Every week I receive a little report from the editors of Beliefnet summarizing the hot content of the week- all that stuff you guys are inclined to read out there. It seems inquiring minds these days often want to know how to pray for strength or healing, find advice on how to recover from an affair, or get the latest on politicians and celebrities. And I get that.
Beliefnet readers also seem to like heart-warming stories about animals. (If you haven’t read my post, “Space Dog: The Animal of Regret,” it’s a tip of the hat to all dog lovers out there.) So I get that, too.
But, I must confess to being more perplexed when popular key words include things like “songs about rain” or “Polish salt mine.” For you readers, I fear I have little to offer- although I do vaguely remember Milli Vanilli once blaming love troubles on the rain sometime in the 80’s, and before that, Barry Manilow crooning about how he “made it through the rain,” with a wicked seventies do to show for it. I was also mildly intrigued to learn, via Wickipedia, that the Wieliczka Salt Mine, in addition to being one of the world’s oldest natural salt mines dating back to the thirteenth century, is actually a pretty big tourist attraction (if Poland is where you plan to spend your next vacation).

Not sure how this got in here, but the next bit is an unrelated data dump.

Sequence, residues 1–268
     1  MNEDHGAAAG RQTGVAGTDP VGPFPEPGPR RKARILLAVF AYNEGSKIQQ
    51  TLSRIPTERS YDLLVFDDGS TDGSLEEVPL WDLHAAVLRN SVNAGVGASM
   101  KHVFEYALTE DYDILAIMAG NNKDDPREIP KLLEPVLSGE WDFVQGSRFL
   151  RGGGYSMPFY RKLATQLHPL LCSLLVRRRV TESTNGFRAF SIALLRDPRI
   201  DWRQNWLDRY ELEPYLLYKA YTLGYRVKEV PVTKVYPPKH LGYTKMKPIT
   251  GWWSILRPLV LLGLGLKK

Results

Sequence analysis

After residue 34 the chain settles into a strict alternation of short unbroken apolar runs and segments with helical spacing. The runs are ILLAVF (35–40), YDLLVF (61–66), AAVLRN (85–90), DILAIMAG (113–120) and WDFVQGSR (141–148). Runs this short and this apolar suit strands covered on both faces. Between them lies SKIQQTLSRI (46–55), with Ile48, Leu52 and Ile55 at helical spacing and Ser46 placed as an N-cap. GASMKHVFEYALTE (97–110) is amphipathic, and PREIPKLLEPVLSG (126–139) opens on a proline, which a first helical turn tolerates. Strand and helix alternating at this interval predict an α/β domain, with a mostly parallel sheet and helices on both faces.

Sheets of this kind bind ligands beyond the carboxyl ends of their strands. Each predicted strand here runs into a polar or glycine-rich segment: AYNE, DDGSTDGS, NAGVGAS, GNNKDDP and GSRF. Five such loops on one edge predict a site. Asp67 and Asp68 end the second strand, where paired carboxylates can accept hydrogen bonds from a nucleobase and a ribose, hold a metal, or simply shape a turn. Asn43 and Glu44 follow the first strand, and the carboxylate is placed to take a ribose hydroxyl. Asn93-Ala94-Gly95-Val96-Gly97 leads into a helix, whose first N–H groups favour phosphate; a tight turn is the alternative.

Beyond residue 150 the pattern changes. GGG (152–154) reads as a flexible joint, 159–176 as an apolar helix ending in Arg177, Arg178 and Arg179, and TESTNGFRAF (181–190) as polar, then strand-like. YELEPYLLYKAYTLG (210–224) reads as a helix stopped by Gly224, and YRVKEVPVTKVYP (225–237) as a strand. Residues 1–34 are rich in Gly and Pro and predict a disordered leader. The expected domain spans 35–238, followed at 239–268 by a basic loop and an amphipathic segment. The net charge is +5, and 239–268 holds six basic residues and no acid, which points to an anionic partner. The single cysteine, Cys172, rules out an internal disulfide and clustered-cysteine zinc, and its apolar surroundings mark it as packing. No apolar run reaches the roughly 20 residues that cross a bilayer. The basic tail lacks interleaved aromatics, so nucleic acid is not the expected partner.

Hot vacation spots notwithstanding, all of this is to say that Beliefnet readers are a bit, well, “eclectic” in their choice of reading. And if you readers are weird this way, we bloggers are even more so. Up until now, you fellow saints and sinners have been subjected to my own often random and rambling tirades about God and life and everything in between.
Which is why I invite your feedback: you wouldn’t know it right now, but we’ve actually been indulging in an ongoing series titled “Jesus Epithets” (all the names given to Jesus throughout Scripture); and, in God’s perfect timing, which I suspect will be in the days and weeks to come, we’ll also feature an interview with Stanford neurologist and fellow saint and sinner Saskia de Vries about how discoveries in neuroscience enrich and problematize Christian theology; but, what would you like to see more of on FSS? If we are living into what it means to be a “virtual church for real people asking real questions about God and life,” or, to put it another way, an open, online community of religious misfits with questions at the intersection of life and God, be we converted, unconverted or under conversion, what does this look like for you? What kinds of questions, concerns, gripes and celebrations would you like me to entertain for the benefit of the Fellowship? What contributions might you make? I value your input! Leave your comments below, or shoot me an e-mail at firstname.lastname@example.org.